In fact, Xenoblade is so anxious not to withhold its delights that is almost trips over itself at the start in a mess of tutorials and innumerable bewildering systems, each with its own arcane vocabulary. But when was the last time you could accuse a JRPG (or just about any game, for that matter) of having too many ideas? This, in a year not short on sumptuous epics, is what really sets Xenoblade Chronicles apart. It's a mad contraption, a shameless kitchen-sink production that does everything it can think of, and all of it a little bit differently.
It's also - and this is one reason I'm so fond of it personally - the first and only Japanese RPG to pick up the gauntlet thrown down five years ago by the great Final Fantasy 12, a masterpiece of formal reinvention that has been roundly and disgracefully ignored by the Japanese industry (and the Western one, for that matter) ever since. FF12 made openness, immediacy and flow its watchwords; FF13, whatever you think of it, headed in precisely the opposite direction. Although there have been great examples of the genre in the intervening years (Dragon Quest 9 comes to mind), none have dared disturb the status quo.
Takahashi had other ideas, but it wasn't hubris that drove him to scrap the blueprints and start again. Quite the reverse: it was humility. The expensive and personally draining anti-climax that was his cinematic Xenosaga series led him to consider investing more modestly this time around - and pouring it all into gameplay. So we get story and action flowing smoothly together in the game engine, no random battles, an open-ish world bustling with life and an extremely fast-paced, real-time combat system with remarkably clever party AI.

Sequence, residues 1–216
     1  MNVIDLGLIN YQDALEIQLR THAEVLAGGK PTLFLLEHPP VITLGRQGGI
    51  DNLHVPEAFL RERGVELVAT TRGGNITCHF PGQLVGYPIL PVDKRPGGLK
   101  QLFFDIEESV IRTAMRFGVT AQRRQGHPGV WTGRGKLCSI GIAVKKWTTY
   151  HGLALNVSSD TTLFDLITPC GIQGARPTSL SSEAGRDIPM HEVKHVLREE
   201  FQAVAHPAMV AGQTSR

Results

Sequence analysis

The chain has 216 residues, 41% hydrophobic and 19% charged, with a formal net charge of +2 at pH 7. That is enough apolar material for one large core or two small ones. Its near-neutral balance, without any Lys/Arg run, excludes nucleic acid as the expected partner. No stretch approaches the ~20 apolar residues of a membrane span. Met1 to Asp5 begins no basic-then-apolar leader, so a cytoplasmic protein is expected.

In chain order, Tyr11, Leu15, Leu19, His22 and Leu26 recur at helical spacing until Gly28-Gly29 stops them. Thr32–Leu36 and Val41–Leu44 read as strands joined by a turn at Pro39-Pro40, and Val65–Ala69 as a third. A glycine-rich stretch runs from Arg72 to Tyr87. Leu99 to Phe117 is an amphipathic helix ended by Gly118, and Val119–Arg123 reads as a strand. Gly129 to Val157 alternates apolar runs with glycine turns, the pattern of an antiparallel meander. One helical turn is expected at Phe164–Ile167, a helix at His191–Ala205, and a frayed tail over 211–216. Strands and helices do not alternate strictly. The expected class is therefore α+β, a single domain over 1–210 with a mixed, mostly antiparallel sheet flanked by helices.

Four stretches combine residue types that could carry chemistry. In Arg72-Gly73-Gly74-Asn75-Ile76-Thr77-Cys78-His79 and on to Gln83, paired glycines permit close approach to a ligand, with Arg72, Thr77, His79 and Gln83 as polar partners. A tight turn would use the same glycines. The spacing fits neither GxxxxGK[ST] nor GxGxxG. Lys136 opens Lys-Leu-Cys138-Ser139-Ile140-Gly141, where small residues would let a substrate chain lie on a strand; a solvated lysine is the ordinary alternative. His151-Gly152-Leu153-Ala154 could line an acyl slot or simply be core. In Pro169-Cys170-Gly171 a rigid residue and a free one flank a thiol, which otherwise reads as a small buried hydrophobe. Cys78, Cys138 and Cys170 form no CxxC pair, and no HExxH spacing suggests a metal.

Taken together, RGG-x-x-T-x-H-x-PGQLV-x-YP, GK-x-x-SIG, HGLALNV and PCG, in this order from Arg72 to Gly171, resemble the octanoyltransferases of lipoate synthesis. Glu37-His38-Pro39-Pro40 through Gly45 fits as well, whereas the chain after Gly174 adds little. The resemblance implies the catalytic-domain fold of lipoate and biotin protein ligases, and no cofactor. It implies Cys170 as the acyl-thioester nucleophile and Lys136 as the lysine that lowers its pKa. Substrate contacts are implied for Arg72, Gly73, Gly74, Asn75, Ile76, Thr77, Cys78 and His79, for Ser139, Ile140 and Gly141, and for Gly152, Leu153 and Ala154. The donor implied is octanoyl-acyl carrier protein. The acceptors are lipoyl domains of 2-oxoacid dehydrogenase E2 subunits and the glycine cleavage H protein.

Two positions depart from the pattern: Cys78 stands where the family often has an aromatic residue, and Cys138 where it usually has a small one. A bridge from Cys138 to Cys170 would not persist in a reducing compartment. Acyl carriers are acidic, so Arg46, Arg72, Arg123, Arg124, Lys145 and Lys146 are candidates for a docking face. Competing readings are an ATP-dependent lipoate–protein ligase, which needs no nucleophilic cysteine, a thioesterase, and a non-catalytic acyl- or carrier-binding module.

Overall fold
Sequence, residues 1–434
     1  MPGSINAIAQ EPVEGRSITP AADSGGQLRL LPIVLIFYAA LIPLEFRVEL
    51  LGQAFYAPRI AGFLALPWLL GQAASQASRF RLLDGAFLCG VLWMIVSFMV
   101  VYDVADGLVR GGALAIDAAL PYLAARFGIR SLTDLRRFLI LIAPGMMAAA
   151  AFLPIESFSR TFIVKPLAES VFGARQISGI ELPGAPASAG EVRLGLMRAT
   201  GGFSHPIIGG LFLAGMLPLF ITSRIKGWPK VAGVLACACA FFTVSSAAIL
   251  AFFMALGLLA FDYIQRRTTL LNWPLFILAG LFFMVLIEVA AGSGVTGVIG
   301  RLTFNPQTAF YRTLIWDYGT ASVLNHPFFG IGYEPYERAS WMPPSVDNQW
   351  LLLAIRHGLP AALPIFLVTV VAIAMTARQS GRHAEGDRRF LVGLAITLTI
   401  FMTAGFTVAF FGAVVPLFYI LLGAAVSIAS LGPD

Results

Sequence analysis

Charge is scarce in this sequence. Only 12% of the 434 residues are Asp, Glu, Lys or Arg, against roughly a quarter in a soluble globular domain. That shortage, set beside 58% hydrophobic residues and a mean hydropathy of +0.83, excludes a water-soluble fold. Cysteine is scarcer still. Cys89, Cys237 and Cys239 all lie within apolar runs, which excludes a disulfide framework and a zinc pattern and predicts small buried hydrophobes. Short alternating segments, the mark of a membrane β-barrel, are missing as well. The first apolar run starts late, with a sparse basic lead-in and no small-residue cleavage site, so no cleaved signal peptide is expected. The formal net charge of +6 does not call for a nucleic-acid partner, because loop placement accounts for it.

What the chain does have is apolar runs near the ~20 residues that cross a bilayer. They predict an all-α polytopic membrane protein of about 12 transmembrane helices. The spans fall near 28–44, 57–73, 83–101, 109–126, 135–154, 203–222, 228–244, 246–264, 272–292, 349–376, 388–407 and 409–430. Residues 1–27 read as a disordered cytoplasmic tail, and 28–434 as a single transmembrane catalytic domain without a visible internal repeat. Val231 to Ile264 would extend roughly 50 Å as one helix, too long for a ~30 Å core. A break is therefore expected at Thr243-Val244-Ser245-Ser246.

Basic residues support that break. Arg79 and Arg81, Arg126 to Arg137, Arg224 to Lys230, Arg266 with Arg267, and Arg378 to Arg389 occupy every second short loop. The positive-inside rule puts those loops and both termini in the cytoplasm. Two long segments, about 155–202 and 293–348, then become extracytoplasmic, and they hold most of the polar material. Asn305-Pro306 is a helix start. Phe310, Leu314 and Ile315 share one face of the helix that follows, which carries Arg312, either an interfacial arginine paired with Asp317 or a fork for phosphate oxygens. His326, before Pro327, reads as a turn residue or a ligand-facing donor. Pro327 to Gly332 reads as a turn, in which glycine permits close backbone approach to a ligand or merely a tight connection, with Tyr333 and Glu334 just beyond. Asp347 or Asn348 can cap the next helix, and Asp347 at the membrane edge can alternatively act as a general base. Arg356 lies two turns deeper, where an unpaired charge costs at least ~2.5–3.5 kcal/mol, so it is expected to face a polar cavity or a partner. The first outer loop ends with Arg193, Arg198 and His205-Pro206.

It's not quite the game FF12 was - it's neither as daring nor as tidy and impeccably tuned. In combat, its sheer verve once again gets the better of it as you struggle to bring various party and status dynamics under your control. But the free movement, seat-edge tension and glorious clatter of battle are more than recompense enough. Over and above that, the play fields teem with a broad ecosystem of life and high-level monsters roam free in low-level areas - reinforcing the feeling that this isn't a scrolling diorama of grind but a real world of opportunity and risk for you to explore.
A world like Skyrim, or Azeroth, or Dark Souls' Lordran: a world that possesses a unity of place. A world that's fundamentally more important and more interesting than what goes on in it (and not just because the Bionis is not a planet or a continent but an unimaginable giant, frozen in time, with forests spilling off his limbs). A world that existed before the politics or wars or soap operas that set whatever drama you're enacting in motion - and that, with your help, will exist long after too.
That world is why I haven't even mentioned Xenoblade Chronicles' story until now (it's serviceable enough, since you asked, balancing cliché with some proper twists and likeable if stiff characters). A world like that is perhaps the greatest thing that an RPG can offer you. In fact, it could be the greatest thing that any game can offer you. Xenoblade Chronicles wasn't the only example of such a world this year, but it was perhaps the most unexpected and delightful of them all.